A couple bought a car from a ‘curbstoner’ and wound up with a salvage title
■ Richard Perry / The Hemet Car Guy
Greetings from the Hemet Car Guy!
A couple wanted to trade in their 2008 Honda Accord that they had recently bought. They still owed money on it but thought they were OK, because it had low mileage, yet believed they might not have any equity yet. Unfortunately, they were correct.
They believed they had bought the car from a private party who had placed it for sale on the street corner. As it turned out, they bought it from a “curbstoner. “
An unlicensed car dealer is known as a “curbstoner.” Typically this is someone who purchases low-end vehicles from private parties and salvage auction yards.
According to the DMV, “Curbstoners are people who actively and regularly buy and sell vehicles without a license, proper permits or a legally established place of business and who, many times, represent themselves as private sellers in order to attract buyers.”
Curbstoners typically create “pop-up” lots by parking multiple vehicles in one location often clogging city streets or public parking lots. They also lure potential buyers by advertising on websites like Craigslist.
One of the first things VIP Autos does when appraising a trade-in is to run a Carfax report on it.
When I ran a Carfax on the Accord, we discovered it had a salvage title—meaning it was deemed a total loss at some time. The wholesale value of a typical Accord like theirs was around $5,000, in good condition. However with a salvage title, it was worth much less—around $1,800. But in this case, the couple still owed $6,300 on it to the bank.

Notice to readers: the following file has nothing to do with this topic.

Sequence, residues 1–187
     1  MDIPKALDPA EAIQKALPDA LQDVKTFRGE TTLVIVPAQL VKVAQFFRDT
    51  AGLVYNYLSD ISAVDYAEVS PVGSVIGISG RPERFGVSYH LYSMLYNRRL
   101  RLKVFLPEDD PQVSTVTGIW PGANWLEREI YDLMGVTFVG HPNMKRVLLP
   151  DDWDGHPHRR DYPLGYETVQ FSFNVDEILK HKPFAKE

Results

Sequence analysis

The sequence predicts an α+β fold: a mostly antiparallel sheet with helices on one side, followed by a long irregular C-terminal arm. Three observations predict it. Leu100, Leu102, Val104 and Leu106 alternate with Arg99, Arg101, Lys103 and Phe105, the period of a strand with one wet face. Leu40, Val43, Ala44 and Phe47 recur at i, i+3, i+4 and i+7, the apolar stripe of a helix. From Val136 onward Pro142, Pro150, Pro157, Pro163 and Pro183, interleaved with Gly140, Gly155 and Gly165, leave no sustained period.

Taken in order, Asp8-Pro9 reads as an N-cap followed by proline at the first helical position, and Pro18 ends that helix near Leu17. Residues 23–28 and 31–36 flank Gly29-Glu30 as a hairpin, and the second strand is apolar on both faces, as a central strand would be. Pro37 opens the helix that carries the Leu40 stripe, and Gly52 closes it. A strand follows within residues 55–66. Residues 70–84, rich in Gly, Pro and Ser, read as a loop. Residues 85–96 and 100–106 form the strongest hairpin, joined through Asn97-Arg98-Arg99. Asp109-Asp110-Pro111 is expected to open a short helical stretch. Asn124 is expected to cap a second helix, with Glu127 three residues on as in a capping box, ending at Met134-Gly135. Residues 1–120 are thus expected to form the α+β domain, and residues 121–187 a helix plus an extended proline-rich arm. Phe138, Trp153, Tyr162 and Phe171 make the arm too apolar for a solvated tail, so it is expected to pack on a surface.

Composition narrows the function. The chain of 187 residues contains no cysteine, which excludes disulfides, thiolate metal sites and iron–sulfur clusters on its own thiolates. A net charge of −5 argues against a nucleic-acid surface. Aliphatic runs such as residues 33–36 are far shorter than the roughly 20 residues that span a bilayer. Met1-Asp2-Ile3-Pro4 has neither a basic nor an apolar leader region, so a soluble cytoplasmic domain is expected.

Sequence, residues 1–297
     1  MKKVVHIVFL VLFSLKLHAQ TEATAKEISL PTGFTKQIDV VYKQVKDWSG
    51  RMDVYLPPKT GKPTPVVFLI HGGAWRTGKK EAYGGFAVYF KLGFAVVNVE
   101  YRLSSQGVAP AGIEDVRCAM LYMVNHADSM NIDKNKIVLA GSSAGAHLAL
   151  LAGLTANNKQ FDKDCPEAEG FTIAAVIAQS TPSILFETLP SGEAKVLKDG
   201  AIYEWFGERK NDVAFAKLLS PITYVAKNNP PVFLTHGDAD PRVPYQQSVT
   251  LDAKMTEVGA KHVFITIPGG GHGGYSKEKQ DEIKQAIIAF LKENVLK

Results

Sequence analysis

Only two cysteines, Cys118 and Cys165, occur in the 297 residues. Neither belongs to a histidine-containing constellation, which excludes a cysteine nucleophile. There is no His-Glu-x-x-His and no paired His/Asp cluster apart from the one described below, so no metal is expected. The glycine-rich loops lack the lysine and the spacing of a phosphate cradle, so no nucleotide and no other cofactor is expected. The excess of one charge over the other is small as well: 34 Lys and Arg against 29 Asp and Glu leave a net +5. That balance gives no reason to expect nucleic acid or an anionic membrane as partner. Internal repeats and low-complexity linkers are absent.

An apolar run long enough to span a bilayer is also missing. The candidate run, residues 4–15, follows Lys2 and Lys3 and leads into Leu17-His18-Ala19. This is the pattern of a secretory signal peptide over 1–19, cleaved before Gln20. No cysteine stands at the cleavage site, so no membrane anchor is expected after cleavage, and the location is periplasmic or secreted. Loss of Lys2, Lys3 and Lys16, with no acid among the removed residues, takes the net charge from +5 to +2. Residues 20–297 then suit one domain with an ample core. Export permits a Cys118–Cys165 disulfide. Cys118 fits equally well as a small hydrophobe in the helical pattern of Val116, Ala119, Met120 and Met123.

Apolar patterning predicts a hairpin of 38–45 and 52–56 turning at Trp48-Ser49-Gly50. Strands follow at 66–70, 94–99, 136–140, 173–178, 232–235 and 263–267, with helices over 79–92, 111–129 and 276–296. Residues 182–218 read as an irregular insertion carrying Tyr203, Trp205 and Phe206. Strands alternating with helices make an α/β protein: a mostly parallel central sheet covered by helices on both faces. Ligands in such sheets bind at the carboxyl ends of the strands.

When I showed the young couple the Carfax report, they were in shock. The seller told them he was in a hurry to sell it because he was moving to Montana and needed a 4X4 up there and “needed to leave soon because he had a job waiting.” The buyers never even thought to get a Carfax report.
This predicament is not uncommon—yet it’s totally avoidable. The fact is anyone can get a Carfax report for any vehicle they’re thinking of buying, whether it comes from a dealer or a private party.
All you need is the VIN number—the 17-digit Vehicle Identification Number—and a few bucks. If you download a Carfax report from www.carfax.com, you will have to pay for it. However, the $39.99 you’ll spend will be well worth the investment if it saves you from making an expensive mistake.